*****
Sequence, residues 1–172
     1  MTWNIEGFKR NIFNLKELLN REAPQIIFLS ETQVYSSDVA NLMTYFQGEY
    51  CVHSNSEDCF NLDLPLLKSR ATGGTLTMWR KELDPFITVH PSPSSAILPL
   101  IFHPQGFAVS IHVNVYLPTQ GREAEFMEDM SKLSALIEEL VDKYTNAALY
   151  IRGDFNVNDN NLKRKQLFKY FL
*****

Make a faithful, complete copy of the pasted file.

Sequence, residues 1–172
     1  MTWNIEGFKR NIFNLKELLN REAPQIIFLS ETQVYSSDVA NLMTYFQGEY
    51  CVHSNSEDCF NLDLPLLKSR ATGGTLTMWR KELDPFITVH PSPSSAILPL
   101  IFHPQGFAVS IHVNVYLPTQ GREAEFMEDM SKLSALIEEL VDKYTNAALY
   151  IRGDFNVNDN NLKRKQLFKY FL